15 OCTOBER 1977, Page 10

A new NATO strategy?

Patrick Cosgrave

What, exactly, would the NATO powers do if the forces of the Warsaw Pact launched an attack on Western Europe? This, I believe, is an appropriate question to ask as representatives of both East and West assemble in Belgrade to discuss the implementation so far of the Helsinki accords and the future prospects of détente. Even the most dovish of Westerners (and there are fewer of those about now than there were in the heady days of the Helsinki talks) would not deny that the maintenance of Western security, during a period when a relaxation of tension is being sought, will continue to depend on military deterrence. That the period since the 'fifties has seen a relative decline of Western power vis-à-vis that of the Warsaw Pact, at least in strategic nuc'ear and in conventional forces, is a proposition that few commentators would now contest, though there is continued argument about its significance. I want, now, to make a proposal for improving both our deterrent capacity and our ability to fight a war in Western Europe which would, I believe, both greatly enhance our security and considerably strengthen our diplomatic hand during continuing detente negotiations.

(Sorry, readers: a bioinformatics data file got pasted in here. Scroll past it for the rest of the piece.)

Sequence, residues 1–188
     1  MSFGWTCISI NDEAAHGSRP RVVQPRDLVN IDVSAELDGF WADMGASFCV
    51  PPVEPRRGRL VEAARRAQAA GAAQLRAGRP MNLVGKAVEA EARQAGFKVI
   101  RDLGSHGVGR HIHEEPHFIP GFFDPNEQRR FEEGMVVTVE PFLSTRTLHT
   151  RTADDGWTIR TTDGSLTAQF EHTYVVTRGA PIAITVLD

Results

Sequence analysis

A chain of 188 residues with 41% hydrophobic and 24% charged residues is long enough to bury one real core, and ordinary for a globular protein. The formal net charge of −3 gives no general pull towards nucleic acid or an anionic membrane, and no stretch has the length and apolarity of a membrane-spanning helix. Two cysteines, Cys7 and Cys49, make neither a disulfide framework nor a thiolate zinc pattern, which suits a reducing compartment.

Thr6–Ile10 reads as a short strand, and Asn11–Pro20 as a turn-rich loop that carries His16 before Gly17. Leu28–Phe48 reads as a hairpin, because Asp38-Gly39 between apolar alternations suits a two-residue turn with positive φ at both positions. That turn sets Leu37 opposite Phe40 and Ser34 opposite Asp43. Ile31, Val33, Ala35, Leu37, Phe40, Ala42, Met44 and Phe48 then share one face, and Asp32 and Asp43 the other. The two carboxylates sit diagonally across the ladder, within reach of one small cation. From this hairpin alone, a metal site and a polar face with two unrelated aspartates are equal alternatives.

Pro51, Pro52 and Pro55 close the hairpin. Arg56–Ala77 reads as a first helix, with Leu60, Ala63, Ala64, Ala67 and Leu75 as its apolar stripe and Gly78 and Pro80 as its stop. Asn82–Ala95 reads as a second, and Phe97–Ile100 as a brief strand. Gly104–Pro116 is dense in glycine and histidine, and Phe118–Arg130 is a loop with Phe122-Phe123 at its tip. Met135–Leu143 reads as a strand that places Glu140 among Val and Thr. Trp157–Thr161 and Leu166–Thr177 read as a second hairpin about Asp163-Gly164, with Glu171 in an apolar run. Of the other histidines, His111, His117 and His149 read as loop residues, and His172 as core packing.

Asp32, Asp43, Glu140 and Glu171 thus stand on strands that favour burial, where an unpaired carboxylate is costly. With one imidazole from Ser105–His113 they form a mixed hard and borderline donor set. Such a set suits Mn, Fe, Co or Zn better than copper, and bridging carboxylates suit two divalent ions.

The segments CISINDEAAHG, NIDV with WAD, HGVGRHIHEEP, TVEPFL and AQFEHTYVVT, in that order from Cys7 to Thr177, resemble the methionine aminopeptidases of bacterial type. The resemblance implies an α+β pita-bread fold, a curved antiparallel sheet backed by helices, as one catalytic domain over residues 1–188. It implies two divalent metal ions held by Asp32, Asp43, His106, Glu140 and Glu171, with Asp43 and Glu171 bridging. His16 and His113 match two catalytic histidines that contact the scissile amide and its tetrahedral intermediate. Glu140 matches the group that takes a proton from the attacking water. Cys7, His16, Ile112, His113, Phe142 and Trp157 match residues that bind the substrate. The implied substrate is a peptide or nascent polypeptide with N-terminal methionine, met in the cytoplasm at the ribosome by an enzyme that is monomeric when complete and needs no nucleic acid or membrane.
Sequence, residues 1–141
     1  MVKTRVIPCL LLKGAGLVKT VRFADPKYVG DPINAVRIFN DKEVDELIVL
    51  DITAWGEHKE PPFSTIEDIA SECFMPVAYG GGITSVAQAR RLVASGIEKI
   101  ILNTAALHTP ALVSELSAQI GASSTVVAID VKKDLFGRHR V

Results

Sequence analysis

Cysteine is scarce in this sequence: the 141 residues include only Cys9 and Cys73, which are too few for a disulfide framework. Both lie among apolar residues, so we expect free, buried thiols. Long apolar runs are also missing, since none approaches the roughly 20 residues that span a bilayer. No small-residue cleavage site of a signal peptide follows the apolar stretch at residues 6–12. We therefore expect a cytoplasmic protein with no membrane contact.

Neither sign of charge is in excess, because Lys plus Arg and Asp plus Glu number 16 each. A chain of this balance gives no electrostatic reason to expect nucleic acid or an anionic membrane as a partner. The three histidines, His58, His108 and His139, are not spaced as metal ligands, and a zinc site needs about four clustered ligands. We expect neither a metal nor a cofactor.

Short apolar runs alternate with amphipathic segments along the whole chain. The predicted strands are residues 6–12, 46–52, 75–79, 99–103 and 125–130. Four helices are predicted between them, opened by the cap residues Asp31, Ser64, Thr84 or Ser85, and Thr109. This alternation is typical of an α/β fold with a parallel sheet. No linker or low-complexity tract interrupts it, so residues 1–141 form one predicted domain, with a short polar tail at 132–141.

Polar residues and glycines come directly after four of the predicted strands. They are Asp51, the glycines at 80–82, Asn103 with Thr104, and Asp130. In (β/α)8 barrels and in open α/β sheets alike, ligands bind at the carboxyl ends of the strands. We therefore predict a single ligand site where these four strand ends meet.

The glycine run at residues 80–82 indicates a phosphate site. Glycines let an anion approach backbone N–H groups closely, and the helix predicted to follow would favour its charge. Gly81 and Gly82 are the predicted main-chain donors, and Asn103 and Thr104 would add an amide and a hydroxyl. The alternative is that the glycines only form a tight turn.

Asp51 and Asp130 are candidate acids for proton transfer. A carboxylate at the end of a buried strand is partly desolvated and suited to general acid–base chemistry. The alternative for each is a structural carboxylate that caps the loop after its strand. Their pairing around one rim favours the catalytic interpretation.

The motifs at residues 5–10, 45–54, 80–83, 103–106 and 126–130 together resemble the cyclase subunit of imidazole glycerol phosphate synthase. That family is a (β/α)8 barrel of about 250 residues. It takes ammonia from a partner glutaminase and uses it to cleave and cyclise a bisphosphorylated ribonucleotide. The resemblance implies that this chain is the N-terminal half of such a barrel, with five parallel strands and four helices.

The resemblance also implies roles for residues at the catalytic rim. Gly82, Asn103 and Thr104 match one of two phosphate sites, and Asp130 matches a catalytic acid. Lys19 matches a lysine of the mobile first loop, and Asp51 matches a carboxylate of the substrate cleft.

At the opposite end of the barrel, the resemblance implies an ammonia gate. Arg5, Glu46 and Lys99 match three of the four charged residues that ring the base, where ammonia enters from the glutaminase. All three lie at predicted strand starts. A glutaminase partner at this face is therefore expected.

It is worth observing, first, how weak our tactical position is at Belgrade. The Western plan there is essentially to concentrate argument on the failure of the USSR and her satellites to fulfil the human rights provisions of the Helsinki accords, in return for which undertakings were made by which the West agreed both to weaken its military position and to make available to Eastern countries economic and technological knowledge and facilities which could be used (and certainly are being used) to strengthen the military potential of the Warsaw Pact. This plan has many attractions. As long as the politicians, and perhaps the people, of the democratic Western countries are unwilling to spend substantially more money on defence, it affords a means of putting some pressure on the East in an area in which it is particularly sensitive. The human rights issue has some mileage in Western politics. And, of course, the more the Eastern countries improve human rights provisions the less monolithic their capacity for making military decisions becomes. But, of course, there has been no significant indication that the Russians and their satellites are prepared to make concessions in this field commensurate with the scale of the problem while, in addition, what really matters in military affairs is capacity and will, and unless the potential enemy is convinced that we will match him in both departments we will enjoy neither security nor real deterrent capability. It is, at the moment, impossible fully to answer the question I posed at the beginning. Of course, NATO soldiers, and citizens of the front-line NATO countries, would fight and die in the first onrush. But the point at which either the American, or the British, or the French strategic nuclear capacity (that is, the ability from submarines or aircraft, or through the use of intercontinental ballistic missiles to strike at the Russian heartland) would be employed is obscure. NATO has long abandoned the so-called tripwire strategy, according to which the violation of any Western border would trigger off a strategic nuclear response. However, the doctrine of flexible response which replaced it remains unfathomable.